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Happy new year, Cairo?

Residents speak of a tough year, and worry about a tougher one ahead.

(Page 2 of 2)



There was an elected parliament, one packed with Islamists, the results of which were later annulled. There was a presidential election that pitted President Morsi against former Mubarak Prime Minister Ahmed Shafiq that saw Morsi walk off with the spoils. Neither option was enticing to Egypt's young revolutionaries, and in Morsi's victory – which was made possible by the Brotherhood breaking a promise not to run a candidate for president – there was evidence that the Islamist movement could not be taken at its word.

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Staff writer

Dan Murphy is a staff writer for the Monitor's international desk, focused on the Middle East. Murphy, who has reported from Iraq, Afghanistan, Egypt, and more than a dozen other countries, writes and edits Backchannels. The focus? War and international relations, leaning toward things Middle East.

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And, of course, there were clashes between protesters at Tahrir and at the presidential palace in Cairo, in the industrial towns of the Nile Delta, and once again in Port Said, along the country's economically vital Suez Canal. The constitution, which Egyptians were promised would be written by a truly representative body, was rushed through by Morsi and his allies over serious opposition towards the end of the year. When it came time for Egyptians to vote on it, it passed – but with less than 40 percent of the Egyptian electorate participating, many voters having lost hope that the political process was going to deliver anything of any tangible value to them or their families.

Attempts not made

While fixing Egypt's economic problems would be the work of years under even the best of circumstances, serious attempts to address how the national budget is administered, rampant corruption that makes being either a simple wage-earner or an entrepreneur a minefield, or the heavy-hand of the military in business, were not made. The average Egyptian was financially worse off at the end of 2011, and worse off still at the end of 2012. This simple reality is how Egyptians are judging recent events, and why so many of them are so deeply worried.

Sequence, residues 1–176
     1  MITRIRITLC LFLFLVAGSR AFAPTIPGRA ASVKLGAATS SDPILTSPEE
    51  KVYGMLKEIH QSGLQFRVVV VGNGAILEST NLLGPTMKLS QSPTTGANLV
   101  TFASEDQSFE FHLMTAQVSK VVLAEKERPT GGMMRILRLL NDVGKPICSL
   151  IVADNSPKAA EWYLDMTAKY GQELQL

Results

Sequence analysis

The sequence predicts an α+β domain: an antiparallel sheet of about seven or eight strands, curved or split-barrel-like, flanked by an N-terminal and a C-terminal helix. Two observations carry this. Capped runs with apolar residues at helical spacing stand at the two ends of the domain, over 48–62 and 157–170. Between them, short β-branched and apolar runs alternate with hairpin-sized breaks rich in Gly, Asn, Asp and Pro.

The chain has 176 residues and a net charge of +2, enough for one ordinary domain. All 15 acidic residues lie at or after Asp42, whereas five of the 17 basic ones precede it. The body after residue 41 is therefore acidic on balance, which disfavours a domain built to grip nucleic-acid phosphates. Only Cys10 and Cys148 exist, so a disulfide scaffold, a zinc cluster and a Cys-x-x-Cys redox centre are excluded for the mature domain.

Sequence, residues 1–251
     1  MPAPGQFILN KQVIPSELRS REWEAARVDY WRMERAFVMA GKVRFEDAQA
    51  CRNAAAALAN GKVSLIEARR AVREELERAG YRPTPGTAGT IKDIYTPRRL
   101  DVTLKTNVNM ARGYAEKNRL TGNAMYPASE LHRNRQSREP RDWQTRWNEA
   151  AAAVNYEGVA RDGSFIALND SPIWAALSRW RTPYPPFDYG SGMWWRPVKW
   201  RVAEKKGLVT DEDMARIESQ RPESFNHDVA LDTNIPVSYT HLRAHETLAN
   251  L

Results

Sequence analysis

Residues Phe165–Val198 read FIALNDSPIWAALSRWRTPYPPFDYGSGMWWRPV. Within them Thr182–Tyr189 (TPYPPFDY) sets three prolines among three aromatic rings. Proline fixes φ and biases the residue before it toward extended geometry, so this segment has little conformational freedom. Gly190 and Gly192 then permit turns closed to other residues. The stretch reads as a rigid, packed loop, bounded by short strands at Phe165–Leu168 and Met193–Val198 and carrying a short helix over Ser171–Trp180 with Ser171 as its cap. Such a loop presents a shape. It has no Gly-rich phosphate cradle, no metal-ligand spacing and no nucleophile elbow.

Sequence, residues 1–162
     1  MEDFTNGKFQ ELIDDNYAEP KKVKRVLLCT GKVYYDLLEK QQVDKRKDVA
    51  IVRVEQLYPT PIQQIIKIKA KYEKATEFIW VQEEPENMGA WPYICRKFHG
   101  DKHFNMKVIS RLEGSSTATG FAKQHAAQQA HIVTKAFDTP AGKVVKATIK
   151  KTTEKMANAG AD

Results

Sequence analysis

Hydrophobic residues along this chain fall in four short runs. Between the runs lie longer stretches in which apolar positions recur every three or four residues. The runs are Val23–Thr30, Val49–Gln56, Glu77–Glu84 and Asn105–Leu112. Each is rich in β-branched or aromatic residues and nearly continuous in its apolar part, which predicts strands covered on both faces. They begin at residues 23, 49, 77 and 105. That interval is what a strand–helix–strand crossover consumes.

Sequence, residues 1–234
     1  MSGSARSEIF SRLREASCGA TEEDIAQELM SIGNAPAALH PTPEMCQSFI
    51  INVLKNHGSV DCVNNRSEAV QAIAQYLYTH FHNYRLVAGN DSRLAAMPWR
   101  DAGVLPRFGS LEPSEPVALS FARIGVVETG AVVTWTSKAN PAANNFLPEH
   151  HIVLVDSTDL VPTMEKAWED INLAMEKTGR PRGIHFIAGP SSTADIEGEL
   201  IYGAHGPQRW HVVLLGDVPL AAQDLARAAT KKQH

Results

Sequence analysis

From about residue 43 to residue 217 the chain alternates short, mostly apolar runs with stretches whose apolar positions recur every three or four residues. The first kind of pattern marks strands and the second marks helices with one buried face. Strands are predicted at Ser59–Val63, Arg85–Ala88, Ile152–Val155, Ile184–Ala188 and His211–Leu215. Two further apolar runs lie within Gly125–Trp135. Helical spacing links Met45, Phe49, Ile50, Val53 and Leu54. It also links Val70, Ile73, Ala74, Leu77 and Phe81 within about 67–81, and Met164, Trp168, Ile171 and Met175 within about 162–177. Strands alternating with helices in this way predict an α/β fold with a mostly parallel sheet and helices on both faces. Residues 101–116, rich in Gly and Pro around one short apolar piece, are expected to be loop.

Now the country is less than two months away from electing a new parliament, extending a period of political uncertainty. A new political reality will be created by that election – the fifth national vote in two years – and will lead to more political uncertainty as factions in parliament are formed, and Egyptian politicians test the new rules of the game. Local and foreign investors will stay on the sidelines for awhile yet, hoping for some clarity as to the new rules –clean ones or dirty ones, new ways of doing business or the same old rent-seeking of the past – before they put any more skin in the game. 

Meanwhile, Egyptians are watching, and worried. The Egyptian pound plunged to an eight-year low against the dollar in the past month, and the Egyptian government's foreign reserves now stand at about $15 billion, less than half of what they were at the time of Mubarak's ouster. That exchange rate – and the soaring interest the Egyptian government pays on international borrowing – has a host of implications for the subsidized bread, cooking fuel, and gasoline that millions of Egyptians rely on.

A random walk through Cairo can't show how finely poised Egypt's situation is. But if you stop to talk for a few hours, you can feel it.

It's the economy, stupid, as a US political hack had it 20 years ago. And it's the economy that Egypt needs to focus on in 2013.

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